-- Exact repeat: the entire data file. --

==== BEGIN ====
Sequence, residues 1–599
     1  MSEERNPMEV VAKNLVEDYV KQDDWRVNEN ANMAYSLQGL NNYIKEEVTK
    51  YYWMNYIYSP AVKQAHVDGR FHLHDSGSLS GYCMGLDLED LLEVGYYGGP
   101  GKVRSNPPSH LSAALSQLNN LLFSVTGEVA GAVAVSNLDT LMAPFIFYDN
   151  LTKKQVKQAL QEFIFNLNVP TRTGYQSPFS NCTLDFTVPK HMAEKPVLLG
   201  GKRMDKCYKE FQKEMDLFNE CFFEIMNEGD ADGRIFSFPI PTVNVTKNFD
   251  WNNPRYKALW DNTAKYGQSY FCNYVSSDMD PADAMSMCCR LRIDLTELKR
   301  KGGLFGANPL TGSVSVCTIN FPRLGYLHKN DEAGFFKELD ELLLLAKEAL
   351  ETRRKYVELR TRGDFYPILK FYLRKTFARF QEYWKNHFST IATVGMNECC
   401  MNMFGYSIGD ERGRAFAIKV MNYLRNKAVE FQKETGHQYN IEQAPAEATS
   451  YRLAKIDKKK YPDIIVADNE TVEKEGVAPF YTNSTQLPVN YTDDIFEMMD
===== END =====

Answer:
Sequence, residues 1–599
     1  MSEERNPMEV VAKNLVEDYV KQDDWRVNEN ANMAYSLQGL NNYIKEEVTK
    51  YYWMNYIYSP AVKQAHVDGR FHLHDSGSLS GYCMGLDLED LLEVGYYGGP
   101  GKVRSNPPSH LSAALSQLNN LLFSVTGEVA GAVAVSNLDT LMAPFIFYDN
   151  LTKKQVKQAL QEFIFNLNVP TRTGYQSPFS NCTLDFTVPK HMAEKPVLLG
   201  GKRMDKCYKE FQKEMDLFNE CFFEIMNEGD ADGRIFSFPI PTVNVTKNFD
   251  WNNPRYKALW DNTAKYGQSY FCNYVSSDMD PADAMSMCCR LRIDLTELKR
   301  KGGLFGANPL TGSVSVCTIN FPRLGYLHKN DEAGFFKELD ELLLLAKEAL
   351  ETRRKYVELR TRGDFYPILK FYLRKTFARF QEYWKNHFST IATVGMNECC
   401  MNMFGYSIGD ERGRAFAIKV MNYLRNKAVE FQKETGHQYN IEQAPAEATS
   451  YRLAKIDKKK YPDIIVADNE TVEKEGVAPF YTNSTQLPVN YTDDIFEMMD